Short people are at greater risk of developing heart disease than tall people, according to the first systematic review and meta-analysis of all the available evidence, which was published on Wednesday 9 June in the European Heart Journal
The systematic review and meta-analysis, carried out by Finnish researchers, looked at evidence from 52 studies of over three million people and found that short adults were approximately 1.5 times more likely to develop cardiovascular heart disease and die from it than were tall people. This appeared to be true for both men and women.
Dr Tuula Paajanen, a researcher at the Department of Forensic Medicine, University of Tampere, Tampere, Finland, said that over the years there had been a number of studies that had provided conflicting evidence on whether shortness was associated with heart disease.
"The first report on the inverse association between coronary heart disease (CHD) and height was published in 1951 and, since then, the association between short stature and cardiovascular diseases has been investigated in more than 1,900 papers. However, until now, no systematic review and meta-analysis has been done on this topic. We hope that with this meta-analysis, the association is recognised to be true and in future more effort is targeted to finding out the possible pathophysiological, environmental and genetic mechanisms behind the association, with eyes and minds open to different hypotheses," she said.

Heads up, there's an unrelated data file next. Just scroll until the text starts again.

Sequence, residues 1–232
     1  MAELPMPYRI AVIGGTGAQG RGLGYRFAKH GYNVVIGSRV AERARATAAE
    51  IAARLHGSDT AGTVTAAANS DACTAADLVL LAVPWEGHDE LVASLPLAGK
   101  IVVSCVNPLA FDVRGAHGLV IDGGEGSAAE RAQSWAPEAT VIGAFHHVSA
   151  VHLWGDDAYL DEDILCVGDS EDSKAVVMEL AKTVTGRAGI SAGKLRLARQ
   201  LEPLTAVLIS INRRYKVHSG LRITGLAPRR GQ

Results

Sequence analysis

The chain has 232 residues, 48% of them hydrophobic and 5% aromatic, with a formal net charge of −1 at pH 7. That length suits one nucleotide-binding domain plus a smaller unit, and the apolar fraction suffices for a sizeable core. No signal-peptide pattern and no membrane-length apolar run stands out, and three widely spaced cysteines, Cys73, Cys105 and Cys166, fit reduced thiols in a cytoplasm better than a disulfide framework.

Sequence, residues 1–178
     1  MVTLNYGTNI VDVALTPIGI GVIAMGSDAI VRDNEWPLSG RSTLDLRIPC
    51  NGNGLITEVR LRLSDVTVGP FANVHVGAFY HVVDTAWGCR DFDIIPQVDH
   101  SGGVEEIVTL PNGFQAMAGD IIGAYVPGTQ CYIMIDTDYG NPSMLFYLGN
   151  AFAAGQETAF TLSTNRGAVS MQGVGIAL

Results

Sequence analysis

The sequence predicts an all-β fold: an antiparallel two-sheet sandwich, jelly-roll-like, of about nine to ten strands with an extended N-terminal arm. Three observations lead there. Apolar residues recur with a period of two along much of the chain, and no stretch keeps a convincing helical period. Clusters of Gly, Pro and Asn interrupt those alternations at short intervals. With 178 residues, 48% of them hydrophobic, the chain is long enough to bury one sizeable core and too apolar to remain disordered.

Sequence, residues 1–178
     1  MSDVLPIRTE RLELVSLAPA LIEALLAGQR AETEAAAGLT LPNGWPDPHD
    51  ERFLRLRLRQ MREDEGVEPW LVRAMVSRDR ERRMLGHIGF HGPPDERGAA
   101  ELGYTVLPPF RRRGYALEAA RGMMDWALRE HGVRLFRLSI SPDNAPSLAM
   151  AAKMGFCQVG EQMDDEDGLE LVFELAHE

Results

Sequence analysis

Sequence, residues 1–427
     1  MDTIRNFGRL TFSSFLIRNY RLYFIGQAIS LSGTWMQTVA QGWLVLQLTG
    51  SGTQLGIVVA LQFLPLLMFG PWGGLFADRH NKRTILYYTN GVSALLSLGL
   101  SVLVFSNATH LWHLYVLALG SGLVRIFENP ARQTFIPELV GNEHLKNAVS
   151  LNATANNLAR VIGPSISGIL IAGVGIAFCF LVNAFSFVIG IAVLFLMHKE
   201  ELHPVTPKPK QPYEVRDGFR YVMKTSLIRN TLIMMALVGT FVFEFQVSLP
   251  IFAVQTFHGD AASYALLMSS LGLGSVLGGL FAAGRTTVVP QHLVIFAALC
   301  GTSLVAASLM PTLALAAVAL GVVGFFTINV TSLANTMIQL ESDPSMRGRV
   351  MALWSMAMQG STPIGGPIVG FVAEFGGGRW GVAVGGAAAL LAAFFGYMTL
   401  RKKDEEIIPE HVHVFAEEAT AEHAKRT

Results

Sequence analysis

Due to the many different ways that previous studies have investigated the association between height and heart disease, Dr Paajanen and her colleagues decided to compare the shortest group to the tallest group instead of using a fixed height limit.
From the total of 1,900 papers, the researchers selected 52 that fulfilled all their criteria for inclusion in their study. These included a total of 3,012,747 patients. On average short people were below 160.5 cms high and tall people were over 173.9 cms. When men and women were considered separately, on average short men were below 165.4 cms and short women below 153 cms, while tall men were over 177.5 cms and tall women over 166.4 cms.
Dr Paajanen and her colleagues found that compared to those in the tallest group, the people in the shortest group were nearly 1.5 times more likely to die from cardiovascular disease (CVD) or coronary heart disease (CHD), or to live with the symptoms of CVD or CHD, or to suffer a heart attack, compared with the tallest people.
Looking at men and women separately, short men were 37% more likely to die from any cause compared with tall men, and short women were 55% more likely to die from any cause compared with their taller counterparts.
"Due to the heterogeneity of studies, we cannot reliably answer the question on the critical absolute height," write the authors in their study. "The height cut-off points did not only differ between the articles but also between men and women and between ethnic groups. This is why we used the shortest-vs.-tallest group setting."
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